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Culture 2000

European Union


Pupils photograph the Cultural Landscape in Laitila

Together with pupils from Untamala and Varppee Schools, the National Board of Antiquities organized the exhibition-project Cultural Landscape in Pictures. The exhibition was part of the European Pathways To Cultural Landscape-project. The basic idea was that pupils photograph their own mundane cultural landscape, that what is particular or important to them. The Cultural Landscape in Pictures exhibition was a good example of how a dialogue is created between the region's residents and those officials, who are responsible for the conservation and protection of the cultural landscape. The aim was to initiate a thinking process, in which the cultural landscape will become an important part of the people's identity and everyday life. The children and young people who participated in the exhibition are tomorrow's decision-makers who will resolve what our landscape will look like in the future.

The age of the photographers ranged from six to seventeen years. The pupils documented the cultural landscape during September and October 2001. The exhibition presented at least one print from each of the pupils and all together the exhibition consisted of 142 pictures, which were chosen from over 1300 photographs.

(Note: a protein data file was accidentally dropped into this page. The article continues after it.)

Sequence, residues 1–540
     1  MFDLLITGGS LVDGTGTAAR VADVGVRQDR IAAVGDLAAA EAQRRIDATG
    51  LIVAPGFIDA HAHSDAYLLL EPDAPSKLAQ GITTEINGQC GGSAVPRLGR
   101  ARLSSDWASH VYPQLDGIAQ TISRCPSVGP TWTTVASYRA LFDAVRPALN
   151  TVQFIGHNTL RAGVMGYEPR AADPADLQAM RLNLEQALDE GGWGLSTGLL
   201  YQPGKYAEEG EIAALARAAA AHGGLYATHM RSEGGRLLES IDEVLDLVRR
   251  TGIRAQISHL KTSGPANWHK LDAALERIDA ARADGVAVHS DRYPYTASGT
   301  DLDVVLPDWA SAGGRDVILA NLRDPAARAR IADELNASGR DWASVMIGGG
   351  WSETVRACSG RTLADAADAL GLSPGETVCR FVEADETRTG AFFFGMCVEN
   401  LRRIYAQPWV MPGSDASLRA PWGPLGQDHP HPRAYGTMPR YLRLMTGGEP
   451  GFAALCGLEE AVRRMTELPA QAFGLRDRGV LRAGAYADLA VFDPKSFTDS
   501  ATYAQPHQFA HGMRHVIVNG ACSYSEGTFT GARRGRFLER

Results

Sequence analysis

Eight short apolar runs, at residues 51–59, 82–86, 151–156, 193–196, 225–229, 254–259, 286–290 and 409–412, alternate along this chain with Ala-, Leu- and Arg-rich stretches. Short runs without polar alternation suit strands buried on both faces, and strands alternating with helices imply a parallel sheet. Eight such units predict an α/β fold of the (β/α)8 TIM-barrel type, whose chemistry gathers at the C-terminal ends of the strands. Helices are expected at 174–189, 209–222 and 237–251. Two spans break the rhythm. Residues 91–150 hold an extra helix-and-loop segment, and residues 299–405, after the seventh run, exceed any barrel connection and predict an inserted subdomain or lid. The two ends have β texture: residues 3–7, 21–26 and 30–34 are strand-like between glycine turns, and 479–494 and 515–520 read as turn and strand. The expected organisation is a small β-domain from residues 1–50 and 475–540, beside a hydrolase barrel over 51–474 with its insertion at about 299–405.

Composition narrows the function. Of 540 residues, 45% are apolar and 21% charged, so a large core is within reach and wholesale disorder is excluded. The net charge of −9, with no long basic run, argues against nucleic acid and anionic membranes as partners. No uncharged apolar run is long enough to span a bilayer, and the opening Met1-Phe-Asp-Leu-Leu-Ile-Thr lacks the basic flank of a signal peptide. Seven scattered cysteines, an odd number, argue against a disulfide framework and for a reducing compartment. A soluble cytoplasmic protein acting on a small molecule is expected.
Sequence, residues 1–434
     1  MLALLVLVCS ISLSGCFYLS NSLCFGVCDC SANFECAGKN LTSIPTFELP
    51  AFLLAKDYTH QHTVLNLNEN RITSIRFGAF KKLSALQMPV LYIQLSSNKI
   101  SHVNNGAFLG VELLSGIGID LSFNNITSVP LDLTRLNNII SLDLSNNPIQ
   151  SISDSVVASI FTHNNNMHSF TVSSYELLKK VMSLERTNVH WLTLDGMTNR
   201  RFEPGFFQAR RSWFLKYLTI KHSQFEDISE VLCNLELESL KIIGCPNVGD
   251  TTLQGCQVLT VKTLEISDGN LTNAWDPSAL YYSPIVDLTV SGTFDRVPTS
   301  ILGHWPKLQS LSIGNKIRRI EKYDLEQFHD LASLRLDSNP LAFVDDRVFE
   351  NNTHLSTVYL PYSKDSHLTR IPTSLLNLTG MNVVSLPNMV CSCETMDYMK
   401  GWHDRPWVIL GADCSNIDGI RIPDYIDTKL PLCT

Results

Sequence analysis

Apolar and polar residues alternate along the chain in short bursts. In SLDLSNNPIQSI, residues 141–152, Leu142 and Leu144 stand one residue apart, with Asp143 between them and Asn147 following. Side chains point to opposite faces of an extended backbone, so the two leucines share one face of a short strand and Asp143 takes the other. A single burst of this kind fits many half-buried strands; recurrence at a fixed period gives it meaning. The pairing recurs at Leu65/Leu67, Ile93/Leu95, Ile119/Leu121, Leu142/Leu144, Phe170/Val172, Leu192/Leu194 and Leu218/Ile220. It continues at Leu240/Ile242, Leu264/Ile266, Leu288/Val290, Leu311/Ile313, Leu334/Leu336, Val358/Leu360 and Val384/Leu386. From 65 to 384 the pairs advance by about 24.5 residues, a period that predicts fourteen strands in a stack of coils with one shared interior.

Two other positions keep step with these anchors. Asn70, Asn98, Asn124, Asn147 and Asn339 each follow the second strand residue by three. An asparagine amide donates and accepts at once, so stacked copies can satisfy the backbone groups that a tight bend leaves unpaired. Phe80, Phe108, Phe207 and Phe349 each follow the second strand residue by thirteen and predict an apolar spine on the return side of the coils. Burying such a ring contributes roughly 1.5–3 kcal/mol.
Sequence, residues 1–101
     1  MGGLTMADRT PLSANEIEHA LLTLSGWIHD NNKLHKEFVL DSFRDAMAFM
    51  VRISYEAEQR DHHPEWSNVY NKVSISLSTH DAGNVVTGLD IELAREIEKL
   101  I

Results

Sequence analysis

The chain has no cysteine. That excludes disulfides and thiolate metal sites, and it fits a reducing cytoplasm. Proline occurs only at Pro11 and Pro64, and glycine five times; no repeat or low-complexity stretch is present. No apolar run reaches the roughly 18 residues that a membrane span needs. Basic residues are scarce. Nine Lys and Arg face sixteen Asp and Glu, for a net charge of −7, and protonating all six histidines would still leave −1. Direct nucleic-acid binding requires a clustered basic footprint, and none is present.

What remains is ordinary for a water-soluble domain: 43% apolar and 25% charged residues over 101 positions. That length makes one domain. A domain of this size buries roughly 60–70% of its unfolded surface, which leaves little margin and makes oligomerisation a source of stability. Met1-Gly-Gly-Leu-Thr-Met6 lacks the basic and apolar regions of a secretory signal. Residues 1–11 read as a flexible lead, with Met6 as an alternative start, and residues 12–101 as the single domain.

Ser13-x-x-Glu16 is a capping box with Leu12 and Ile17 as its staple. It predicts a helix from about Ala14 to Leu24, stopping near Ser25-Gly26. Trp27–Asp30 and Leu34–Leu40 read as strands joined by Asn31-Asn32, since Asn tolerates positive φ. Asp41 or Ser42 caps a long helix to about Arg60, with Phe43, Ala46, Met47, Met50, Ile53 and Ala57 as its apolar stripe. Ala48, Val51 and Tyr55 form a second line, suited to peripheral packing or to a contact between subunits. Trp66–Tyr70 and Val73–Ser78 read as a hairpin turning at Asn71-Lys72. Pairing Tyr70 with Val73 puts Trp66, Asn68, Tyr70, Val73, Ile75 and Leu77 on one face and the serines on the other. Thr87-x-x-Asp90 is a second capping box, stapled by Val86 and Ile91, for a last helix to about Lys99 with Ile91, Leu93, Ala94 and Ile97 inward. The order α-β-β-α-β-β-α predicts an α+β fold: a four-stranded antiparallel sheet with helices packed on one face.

The landscape experience is always a very personal matter for the spectator. A local, for instance, sees the familiar landscape in a different way than the outsider. The landscape is also experienced differently at different ages. Consequently, the picture material represents a cross-section of how today's youth observes, comprehends and appreciates the cultural landscape. The youngest photographers took photos from the area near home and from the views along their way to school. The pictures of the older pupils tell of how their immediate and familiar surroundings expand with age.

The contents of the photographs spans from the oldest layers of the cultural landscape to the youngest: burial cairns dating from the Bronze Age were as well-represented as were modern features or structures like the modern city hall of Laitila. Some pictures showed a blend of hundreds of years of cultural landscape that had remained almost unchanged, while in others a snapshot from the schoolyard portrays the cultural landscape. The exhibition offers a magnificent “landscape-journey” through Vakka-Finland.

The funding to the exhibition came from the National Board of Antiquities, the Ministry of Education and the Culture 2000-program of the European Commission. The documentation work of the Cultural Landscape in Pictures -exhibition was directed by Satu Mikkkonen-Hirvonen, chief superintendent of the Section for Site Management of the National Board of Antiquities, Marita Paana, headmistress of Untamala School and by Jari Nordman, art teacher of Varppee School.

The Untamala School orchestra of also performed during the event.

The cultural landscape photos and young photographers at
Laitila city hall.

The path. Photo by Saana Koskinen/Untamala school


design: Kai M. Wurm
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